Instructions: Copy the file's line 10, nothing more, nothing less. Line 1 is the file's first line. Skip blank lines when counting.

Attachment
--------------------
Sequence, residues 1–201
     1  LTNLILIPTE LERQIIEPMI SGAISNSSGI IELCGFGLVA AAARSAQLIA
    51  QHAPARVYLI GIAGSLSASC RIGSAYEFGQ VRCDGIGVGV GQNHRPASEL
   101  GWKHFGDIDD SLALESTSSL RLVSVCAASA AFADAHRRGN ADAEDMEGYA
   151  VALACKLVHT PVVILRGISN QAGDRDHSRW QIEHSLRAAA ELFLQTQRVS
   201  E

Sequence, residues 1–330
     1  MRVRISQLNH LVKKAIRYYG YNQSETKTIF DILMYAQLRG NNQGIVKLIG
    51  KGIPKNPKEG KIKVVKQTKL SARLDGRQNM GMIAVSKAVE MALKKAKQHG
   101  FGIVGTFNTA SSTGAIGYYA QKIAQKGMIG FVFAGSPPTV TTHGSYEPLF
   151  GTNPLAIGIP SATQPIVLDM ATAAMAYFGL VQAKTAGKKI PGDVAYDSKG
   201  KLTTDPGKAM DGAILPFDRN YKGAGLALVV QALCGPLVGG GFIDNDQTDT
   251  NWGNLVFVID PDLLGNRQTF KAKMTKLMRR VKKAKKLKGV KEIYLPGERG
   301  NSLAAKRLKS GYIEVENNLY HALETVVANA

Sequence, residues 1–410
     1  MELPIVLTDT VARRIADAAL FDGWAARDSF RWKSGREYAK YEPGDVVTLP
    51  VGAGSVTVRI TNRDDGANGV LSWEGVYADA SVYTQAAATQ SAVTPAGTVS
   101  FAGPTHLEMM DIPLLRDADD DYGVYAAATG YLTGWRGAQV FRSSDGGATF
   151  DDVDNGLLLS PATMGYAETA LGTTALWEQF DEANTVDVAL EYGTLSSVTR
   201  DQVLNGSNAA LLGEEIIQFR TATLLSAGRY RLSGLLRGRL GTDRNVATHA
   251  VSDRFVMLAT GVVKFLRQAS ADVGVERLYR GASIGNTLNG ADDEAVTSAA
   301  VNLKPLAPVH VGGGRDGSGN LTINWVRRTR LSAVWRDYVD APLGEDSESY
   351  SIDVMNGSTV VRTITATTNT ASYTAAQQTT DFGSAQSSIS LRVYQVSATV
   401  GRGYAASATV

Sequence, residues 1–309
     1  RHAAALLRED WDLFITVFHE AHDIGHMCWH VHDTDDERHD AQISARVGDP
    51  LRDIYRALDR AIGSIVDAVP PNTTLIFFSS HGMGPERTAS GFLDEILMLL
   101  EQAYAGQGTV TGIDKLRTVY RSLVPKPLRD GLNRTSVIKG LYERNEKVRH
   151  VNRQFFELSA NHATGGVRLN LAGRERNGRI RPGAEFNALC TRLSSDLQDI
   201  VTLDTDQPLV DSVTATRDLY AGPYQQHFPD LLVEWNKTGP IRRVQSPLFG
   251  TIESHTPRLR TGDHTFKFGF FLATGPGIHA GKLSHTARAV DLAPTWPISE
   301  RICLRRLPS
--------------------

   101  FGIVGTFNTA SSTGAIGYYA QKIAQKGMIG FVFAGSPPTV TTHGSYEPLF